I want [Twitch] to actually, really make [their] stance with us. Like really make us feel like,. and not just LGBT but also people of color. Those are vulnerable communities that I feel they aren’t making feel safe. I would like them to more for the cyberbullying attacks. Make us feel safer, that’s what I want. People in general.
Tai: Yeah I agree with that, I think them taking a stance and being proactive instead of waiting for a problem before they stop. Put precautions in place; I feel like that’s something they should do. It just feels like a no-brainer to people in the community, but I feel like they’d have to involve themselves a bit more in the communities that they’re looking out for. Like you said I feel like vulnerable communities are the ones taking the hits right now and it really doesn’t have to be that way.
Skylar: Yeah. It’s really unfair. It’s really shitty.
Tai: Stepping away from Twitch for a bit, my next question is. . .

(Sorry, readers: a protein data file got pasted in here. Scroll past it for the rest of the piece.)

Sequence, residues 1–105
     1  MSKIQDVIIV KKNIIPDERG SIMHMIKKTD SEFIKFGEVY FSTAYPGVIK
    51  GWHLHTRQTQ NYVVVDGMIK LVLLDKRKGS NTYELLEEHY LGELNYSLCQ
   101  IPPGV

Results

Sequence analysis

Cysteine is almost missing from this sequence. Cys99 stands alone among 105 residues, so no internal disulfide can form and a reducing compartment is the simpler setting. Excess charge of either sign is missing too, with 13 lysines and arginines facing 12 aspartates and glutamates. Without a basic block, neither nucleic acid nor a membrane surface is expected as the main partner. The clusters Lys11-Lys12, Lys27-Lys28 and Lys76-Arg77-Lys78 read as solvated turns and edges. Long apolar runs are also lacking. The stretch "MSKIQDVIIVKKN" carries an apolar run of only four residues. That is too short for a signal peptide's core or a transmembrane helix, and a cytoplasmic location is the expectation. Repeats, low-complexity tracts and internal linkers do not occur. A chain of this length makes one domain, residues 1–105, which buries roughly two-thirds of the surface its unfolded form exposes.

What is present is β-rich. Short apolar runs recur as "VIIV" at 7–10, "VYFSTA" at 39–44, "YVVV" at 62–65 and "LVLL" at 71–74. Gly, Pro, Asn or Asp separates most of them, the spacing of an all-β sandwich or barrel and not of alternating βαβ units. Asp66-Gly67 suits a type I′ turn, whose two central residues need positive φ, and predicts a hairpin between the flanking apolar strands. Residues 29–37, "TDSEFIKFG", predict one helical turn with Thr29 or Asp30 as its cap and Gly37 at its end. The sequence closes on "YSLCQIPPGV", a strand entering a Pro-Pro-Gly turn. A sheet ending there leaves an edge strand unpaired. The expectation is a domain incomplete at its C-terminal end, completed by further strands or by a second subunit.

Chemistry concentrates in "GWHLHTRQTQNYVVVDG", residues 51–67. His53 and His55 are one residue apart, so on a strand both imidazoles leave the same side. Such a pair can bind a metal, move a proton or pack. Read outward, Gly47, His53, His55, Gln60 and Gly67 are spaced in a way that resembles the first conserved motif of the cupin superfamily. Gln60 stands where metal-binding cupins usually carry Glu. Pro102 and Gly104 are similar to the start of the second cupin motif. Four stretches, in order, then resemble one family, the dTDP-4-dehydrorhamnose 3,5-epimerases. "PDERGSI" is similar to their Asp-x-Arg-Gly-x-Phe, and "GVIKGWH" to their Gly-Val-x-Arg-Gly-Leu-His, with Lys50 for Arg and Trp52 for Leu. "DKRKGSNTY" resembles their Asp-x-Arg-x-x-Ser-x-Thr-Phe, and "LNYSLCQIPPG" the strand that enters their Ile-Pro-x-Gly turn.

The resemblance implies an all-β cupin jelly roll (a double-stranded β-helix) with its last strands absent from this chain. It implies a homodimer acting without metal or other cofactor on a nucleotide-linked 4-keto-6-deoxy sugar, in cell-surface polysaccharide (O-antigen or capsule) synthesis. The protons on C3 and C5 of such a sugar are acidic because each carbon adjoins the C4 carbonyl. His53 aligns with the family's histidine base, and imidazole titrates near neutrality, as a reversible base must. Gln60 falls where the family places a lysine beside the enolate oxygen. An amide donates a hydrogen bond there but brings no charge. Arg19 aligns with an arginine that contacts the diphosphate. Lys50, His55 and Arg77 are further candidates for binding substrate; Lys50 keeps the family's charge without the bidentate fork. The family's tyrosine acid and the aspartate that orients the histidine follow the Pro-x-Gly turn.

As a non-binary streamer, do you feel like you’re accurately represented in games media?
Skylar: Oh. Do I? Honestly, I think in general being non-binary or even as a pansexual, because I’m a pansexual, I don’t see too much media on a wide scale representing my demographic. I remember Boyfriend Dungeon and a couple of other games, but not really many mainstream games that I can think of where I see a non-binary icon. I just want to see more normalization, games or movies, whatever.
They don’t have to make a big deal about a character being non-binary, or, any icon of LGBT for that matter. The point is that they start doing it. There are a lot of people out there that need more representation in general. I’m starting to see it though, it’s not that I’m not, I just can’t say, to answer your question, do I feel represented? No. Not really. Not very often. I don’t know.